Fantasy purged

With After The Fall passing 300 likes today (thank you so much everyone!), I am very keen to dip back into that story, but as it’s Easter holidays and my better half is away with work, time is short and I really need to spend time inside that world each time I work on it.

However, on the theme of kids, it occurred to me recently that looking after a three-year-old is a bit like watching or reading Pinter. Spatially claustrophobic; meaningless, repetitive, banal dialogue that never falls on anything substantial, goes around and round in circles, and long periods of boredom punctuated by humour and joy – the parallels with parenting are clear.

So, since its the holidays and I have a nine-year-old to look after too this week, I thought I’d pursue this thought with today’s fiction…


Ed isn’t entirely sure quite how they arrived at Sainsbury’s Local. He assumes there was walking involved, and before that preparations will have been made, such as getting dressed and cleaning teeth, but exhausted, the world swirls ethereally in front of him, everything just out of grasp. There can’t have been any driving, because driving would surely have meant death and if this is death, he wouldn’t have bothered living.

His son, Lewis, skips into the shop.
‘This isn’t Little Sainsbury’s,’ he says.
Ed looks around to double-check. Bananas, newspapers, checkouts, gruff security guard.
‘Yes it is,’ he says, satisfied he has enough evidence on his side.
‘No it isn’t.’
Ed’s mind snaps to focus. He must act fast. Even in this fugue, the warning signs of incoming meltdown are loud and clear.
‘Perhaps it’s just because we’ve come in a different door,’ he says. ‘Look I’ll show you where we usually come in.’
Ed takes Lewis by the hand and leads him to the back door of the shop and out to the car park.
‘See, we usually drive here and come in through this door.’
Lewis shakes his head.
‘No, this isn’t Little Sainsbury’s. This is Big Sainsbury’s.’
‘But Big Sainsbury’s has a big car park that you always make me drive to the top. Where’s that car park. Where’s the bit with all the DVDs? This is Little Sainsbury’s.
‘No it isn’t, I’ll show you where Little Sainsbury’s is.’
Ed sighs and avoids the gaze of other shoppers.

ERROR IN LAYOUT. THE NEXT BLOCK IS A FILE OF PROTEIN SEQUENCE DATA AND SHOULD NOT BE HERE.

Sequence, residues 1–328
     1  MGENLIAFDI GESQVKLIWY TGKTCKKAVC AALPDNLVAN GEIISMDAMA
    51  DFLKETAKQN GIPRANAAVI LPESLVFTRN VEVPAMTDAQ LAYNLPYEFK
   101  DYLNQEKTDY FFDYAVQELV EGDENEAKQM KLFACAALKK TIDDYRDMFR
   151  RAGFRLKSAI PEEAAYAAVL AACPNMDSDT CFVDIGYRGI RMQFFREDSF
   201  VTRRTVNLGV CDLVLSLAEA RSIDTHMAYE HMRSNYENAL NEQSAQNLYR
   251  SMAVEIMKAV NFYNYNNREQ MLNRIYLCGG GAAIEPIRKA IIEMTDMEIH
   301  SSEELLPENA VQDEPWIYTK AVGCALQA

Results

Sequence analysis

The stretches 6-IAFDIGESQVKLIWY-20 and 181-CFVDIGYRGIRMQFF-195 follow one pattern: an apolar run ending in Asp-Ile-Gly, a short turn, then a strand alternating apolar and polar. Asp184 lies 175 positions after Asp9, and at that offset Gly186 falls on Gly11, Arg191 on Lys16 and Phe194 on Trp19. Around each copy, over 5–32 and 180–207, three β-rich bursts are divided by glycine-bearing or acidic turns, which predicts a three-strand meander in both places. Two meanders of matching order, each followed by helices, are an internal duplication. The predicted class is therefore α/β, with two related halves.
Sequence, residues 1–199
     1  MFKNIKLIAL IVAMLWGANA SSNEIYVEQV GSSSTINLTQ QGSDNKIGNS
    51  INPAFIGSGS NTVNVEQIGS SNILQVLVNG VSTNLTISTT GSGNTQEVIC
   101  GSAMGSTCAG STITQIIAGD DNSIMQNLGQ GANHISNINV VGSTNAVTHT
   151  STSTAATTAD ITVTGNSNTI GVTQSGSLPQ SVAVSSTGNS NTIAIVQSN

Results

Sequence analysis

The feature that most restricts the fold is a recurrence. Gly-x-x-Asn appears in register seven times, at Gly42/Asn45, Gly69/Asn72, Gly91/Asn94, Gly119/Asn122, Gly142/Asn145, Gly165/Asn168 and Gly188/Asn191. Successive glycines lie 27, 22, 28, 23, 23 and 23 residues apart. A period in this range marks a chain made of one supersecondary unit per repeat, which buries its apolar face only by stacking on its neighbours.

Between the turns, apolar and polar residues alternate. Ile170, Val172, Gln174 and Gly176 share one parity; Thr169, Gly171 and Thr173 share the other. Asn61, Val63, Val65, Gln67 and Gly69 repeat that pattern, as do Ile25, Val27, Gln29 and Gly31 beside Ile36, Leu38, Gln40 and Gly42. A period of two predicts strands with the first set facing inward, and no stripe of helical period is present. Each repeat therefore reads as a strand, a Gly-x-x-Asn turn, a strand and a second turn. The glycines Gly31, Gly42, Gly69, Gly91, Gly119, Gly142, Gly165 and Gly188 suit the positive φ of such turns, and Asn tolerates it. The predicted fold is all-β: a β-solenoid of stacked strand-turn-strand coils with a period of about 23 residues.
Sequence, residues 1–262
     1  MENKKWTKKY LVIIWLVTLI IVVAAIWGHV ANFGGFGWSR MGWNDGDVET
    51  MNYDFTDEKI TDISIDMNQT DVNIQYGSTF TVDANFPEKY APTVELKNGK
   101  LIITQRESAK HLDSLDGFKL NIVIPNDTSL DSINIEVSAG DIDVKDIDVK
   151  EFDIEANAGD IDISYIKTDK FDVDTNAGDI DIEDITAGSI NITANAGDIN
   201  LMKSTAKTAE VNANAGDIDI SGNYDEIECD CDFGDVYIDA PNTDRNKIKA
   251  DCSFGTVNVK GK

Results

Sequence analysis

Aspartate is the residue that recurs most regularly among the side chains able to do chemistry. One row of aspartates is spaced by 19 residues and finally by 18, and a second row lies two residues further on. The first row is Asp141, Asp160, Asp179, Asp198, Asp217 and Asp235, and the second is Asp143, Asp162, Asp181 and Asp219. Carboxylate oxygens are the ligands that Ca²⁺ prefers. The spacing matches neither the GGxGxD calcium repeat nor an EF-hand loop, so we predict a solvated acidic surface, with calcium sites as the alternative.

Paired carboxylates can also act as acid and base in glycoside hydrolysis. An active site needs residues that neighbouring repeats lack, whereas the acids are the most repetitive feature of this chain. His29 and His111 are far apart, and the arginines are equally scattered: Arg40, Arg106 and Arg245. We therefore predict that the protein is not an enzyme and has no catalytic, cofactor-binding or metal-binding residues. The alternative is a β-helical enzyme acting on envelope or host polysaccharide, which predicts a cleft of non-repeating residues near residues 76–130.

‘Fine. Show me outside where Little Sainsbury’s is.’
Lewis runs back out to the front of the shop before pointing to the bottom of the high street.
‘See Daddy it’s at the bottom of the hill.’
‘Oh okay, well lets just go to this one,’ says Ed.
‘No. I want to go to that Little Sainsbury’s.
‘It’s cold, lets just go to this one.’
‘I want to go to that Little Sainsbury’s.
‘But, there is no Sainsbury’s down there.’
‘Yes there is!’
‘There isn’t!’
‘There is!’

Ed sighs again as Lewis starts to cry, tears streaming down his red cheeks in the cold. Ed bends down so he is at his son’s level and takes him by the arms.

‘There is no Sainsbury’s down there,’ he says quietly.
‘There is! I want to go to that Little Sainsbury’s!’

Ed stands again.

‘I’m not walking all the way down the hill to a shop I know doesn’t exist.’
‘Aren’t you thinking of Waitrose?’
‘Are you sure?’

Lewis smears tears and snot across the sleeve of his coat.

‘What about Iceland, could you be thinking of Iceland?’
‘Yes,’ says Lewis, smiling. ‘Iceland Sainsbury’s. I want to go there.’
‘But they don’t sell what we need.’
‘Yes they do!’
‘No they don’t.’
‘Yes they do! They sell milk.’
‘They’ve run out. We need to get it from this Sainsbury’s here.’
‘No they haven’t.’

There is another long silence as Ed contemplates every aspect of his life while Lewis sobs in the middle of the pavement. An old couple amble past and look at Lewis with sympathetic, rheumy eyes.

‘You can’t always get what you want son,’ says the woman. ‘You can’t go crying in the street every time your Daddy says no.’

Ed screams at the couple and throws them one-by-one through the glass-fronted estate agents next door, their bodies crumpling amid the shards. Then, fantasy purged, he looks at his son.

Come on,’ he says gently. ‘Let’s go and ask the man in this Sainsbury’s if there is a Little Sainsbury’s at the bottom of the road.’

Lewis nods and the two of them enter the shop and approach a young man with a distracting stretched earlobe piercing who is fiddling with the raspberries.

‘I’m sorry,’ says Ed. ‘My son is convinced there is a Little Sainsbury’s – that’s what we call this shop and the one up the road is Big Sainsbury’s – anyway, my son is convinced there is a Little Sainsbury’s at the bottom of the road and I don’t want to walk all the way down the hill to a shop I know doesn’t exist so I was wondering if you could confirm to him, since you’ve got a Sainsbury’s uniform on, that there is no Little Sainsbury’s shop at the bottom of the road.

The young man stares back at Ed.

‘Just tell my son there is no Little Sainsbury’s at the bottom of the road.’

The young man looks down at Lewis.

‘Sorry, there’s no Sainsbury’s at the bottom of the road.’

Lewis smiles up at the man.

‘OK,’ he says, skipping away. ‘Daddy, can we buy biscuits in here too?’